Timberlake first rose to fame as a member of the phenomenally successful pop group 'N Sync. He then launched a solo career, selling nearly 17 million albums worldwide with his two multi-platinum certified solo albums that also earned him six Grammy Awards. In addition to successful tours, he headlined the HBO special "Justin Timberlake: FutureSex/LoveShow."

Among Timberlake's other honors are the 2011 Environmental Media Futures Award and, in 2010, Harvard University's coveted Hasty Pudding Man of the Year.
JOHN GOODMAN (Pete Klein) is one of the entertainment industry's most respected actors. He earned a Golden Globe nomination in 1992 for his chilling performance in the Coen brothers' heralded "Barton Fink," after delivering a breakthrough motion picture performance in the Coen brothers' earlier "Raising Arizona." He has since teamed with them in "The Big Lebowski," "O Brother, Where Art Thou?" and the upcoming "Inside Llewyn Davis," which opens in theaters in December. In the fall Goodman will also be seen in Ben Affleck's dramatic thriller "Argo," opening October 12, as well as Robert Zemeckis' drama "Flight" in November. He also once again lends his voice as Sully to "Monster University," out next summer.

Goodman was most recently seen in Stephen Daldry's Oscar® nominated "Extremely Loud & Incredibly Close," and shared Broadcast Film Critics Association Critics Choice Award and Screen Actors Guild Award® nominations for best ensemble with the cast of writer/director Michel Hazanavicius' homage to Hollywood's silent film era, "The Artist."

On television, he can be seen in the critically acclaimed series "Damages" and "Treme," and recently appeared alongside Al Pacino in the award-winning Jack Kevorkian biopic "You Don't Know Jack," earning an Emmy Award nomination for Outstanding Supporting Actor in a Miniseries or Movie. He previously won the Emmy for Outstanding Guest Actor in a Drama Series for his turn in Aaron Sorkin's "Studio 60 on the Sunset Strip."

In addition to his work in front of the camera, he has lent his voice to numerous animated characters, with voiceover credits including "Monsters, Inc.," "Cars," "The Emperor's New Groove" and its small screen continuation, "The Emperor's New School," "Tales of the Rat Fink," "The Jungle Book 2," "Bee Movie," "The Princess and the Frog" and, most recently, "ParaNorman." He also voiced one of the main characters in NBC's animated primetime series "Father of the Pride."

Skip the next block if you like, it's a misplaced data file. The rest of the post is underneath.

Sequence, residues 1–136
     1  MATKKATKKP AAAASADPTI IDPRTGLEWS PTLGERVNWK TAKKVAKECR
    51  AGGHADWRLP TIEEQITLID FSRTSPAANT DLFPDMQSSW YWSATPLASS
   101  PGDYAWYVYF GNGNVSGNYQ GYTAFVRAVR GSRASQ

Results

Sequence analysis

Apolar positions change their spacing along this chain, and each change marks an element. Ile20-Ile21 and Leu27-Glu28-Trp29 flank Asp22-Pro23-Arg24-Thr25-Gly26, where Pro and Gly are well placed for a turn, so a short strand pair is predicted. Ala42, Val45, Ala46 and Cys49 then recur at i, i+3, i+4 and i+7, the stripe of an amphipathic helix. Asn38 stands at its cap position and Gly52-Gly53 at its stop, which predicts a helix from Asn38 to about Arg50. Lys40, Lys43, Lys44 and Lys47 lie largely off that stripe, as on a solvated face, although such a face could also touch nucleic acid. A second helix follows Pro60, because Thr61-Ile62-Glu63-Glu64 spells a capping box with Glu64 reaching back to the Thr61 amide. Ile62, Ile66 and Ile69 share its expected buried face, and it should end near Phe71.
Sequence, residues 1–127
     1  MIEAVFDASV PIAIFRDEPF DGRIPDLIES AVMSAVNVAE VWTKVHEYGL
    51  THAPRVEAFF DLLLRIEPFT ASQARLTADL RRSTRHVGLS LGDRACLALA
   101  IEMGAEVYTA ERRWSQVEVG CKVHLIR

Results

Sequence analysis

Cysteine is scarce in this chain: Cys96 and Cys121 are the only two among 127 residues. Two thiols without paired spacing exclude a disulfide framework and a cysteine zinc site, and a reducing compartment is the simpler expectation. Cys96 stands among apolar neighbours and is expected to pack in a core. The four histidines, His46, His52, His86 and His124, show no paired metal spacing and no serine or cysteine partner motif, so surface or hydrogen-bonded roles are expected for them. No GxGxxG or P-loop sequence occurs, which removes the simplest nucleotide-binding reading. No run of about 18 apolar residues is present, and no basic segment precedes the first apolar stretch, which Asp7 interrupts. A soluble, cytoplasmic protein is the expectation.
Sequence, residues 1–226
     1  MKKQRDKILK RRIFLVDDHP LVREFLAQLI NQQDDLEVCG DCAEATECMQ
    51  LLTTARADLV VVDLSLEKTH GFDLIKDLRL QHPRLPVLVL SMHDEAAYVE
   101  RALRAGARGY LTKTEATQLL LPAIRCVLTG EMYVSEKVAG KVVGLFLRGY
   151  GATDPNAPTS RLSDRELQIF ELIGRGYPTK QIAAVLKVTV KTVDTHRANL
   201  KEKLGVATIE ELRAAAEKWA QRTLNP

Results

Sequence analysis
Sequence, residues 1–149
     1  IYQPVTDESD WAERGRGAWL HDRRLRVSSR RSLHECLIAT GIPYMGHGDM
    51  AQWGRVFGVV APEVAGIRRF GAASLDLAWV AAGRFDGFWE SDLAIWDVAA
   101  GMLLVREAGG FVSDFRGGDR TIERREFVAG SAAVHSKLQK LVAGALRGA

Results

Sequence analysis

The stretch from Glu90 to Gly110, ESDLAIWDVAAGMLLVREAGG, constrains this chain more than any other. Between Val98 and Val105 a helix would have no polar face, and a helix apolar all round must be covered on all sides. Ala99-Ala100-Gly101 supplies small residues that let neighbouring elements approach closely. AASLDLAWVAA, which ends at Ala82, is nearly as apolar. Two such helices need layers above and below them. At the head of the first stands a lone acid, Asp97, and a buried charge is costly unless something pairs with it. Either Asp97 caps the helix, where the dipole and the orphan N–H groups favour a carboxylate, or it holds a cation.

Goodman's many additional film credits include Kevin Smith's indie political horror/thriller "Red State," "Evan Almighty," "Death Sentence," "Drunk Boat," "Confessions of a Shopaholic," "In the Electric Mist," "Gigantic," "Speed Racer," "Marilyn Hotchkiss' Ballroom Dancing and Charm School," "Beyond the Sea," "Masked and Anonymous," "Storytelling," "One Night at McCool's," "Coyote Ugly," "What Planet Are You From?," "Bringing Out the Dead," "The Runner," "Blues Brothers 2000," "Fallen," "The Borrowers," "Mother Night," "Pie in the Sky," "The Flintstones," "Born Yesterday," "Matinee," "The Babe," "King Ralph," "Arachnophobia," "Stella," "Always," "Sea of Love," "Everybody's All-American," "Punchline," "The Wrong Guys," "The Big Easy," "Burglar," "True Stories," "Sweet Dreams," "Maria's Lovers," "C.H.U.D.," "Revenge of the Nerds" and "Eddie Macon's Run."

A St. Louis native, Goodman studied at Southwest Missouri State, graduating in 1975 with a B.F.A. degree in Theatre. His stage credits include regional theatre productions of "Henry IV, Parts I and II," "Antony and Cleopatra" and "As You Like It." He performed in a touring production of "The Robber Bridegroom" and starred in the Broadway productions of "Waiting for Godot" in 2009; "The Resistible Rise of Arturo Ui" in 2002; "Big River" in 1985, for which he earned a Drama Desk Award nomination; and "Loose Ends" in 1979. In 2001, he starred with Meryl Streep and Kevin Kline in the Shakespeare in the Park production of "The Seagull."
MATTHEW LILLARD (Phillip Sanderson) most recently appeared alongside George Clooney in the Oscar® and Golden Globe Award-winning feature "The Descendants," co-written and directed by Alexander Payne. Lillard's work in the film helped garner the cast Critics Choice Award and Screen Actors Guild Award nominations as well.

Lillard attended the Academy of Dramatic Arts in Pasadena, California. Upon graduation, he established the Mean Street Ensemble, before moving to New York to continue his education at Circle in the Square. Known to audiences for the infectious energy he brings to the characters he plays in movies, television, and theater, his career took off when he starred in the hit feature "Scream," playing ruthless killer Stuart Macher.

His acclaim grew with his portrayal of the title role in the Sundance favorite "SLC Punk!" Lillard then starred as the beloved Shaggy in the hugely popular "Scooby-Doo" and it's follow up, "Scooby-Doo 2: Monsters Unleashed." He next showed his range by starring in Kenneth Branagh's musical version of "Shakespeare's "Love's Labour's Lost," in Paul McGuigan's thriller "Wicker Park," in the Ed Burns ensemble feature "The Groomsmen," and in the hit comedy "Without a Paddle."

On the small screen, he did a star turn opposite legend Carol Burnett on NBC's "Law & Order: Special Victims Unit," a special guest role on CBS's "Gary Unmarried," and played the lead in the ABC movie "Married Not Dead," opposite Jonathan Silverman.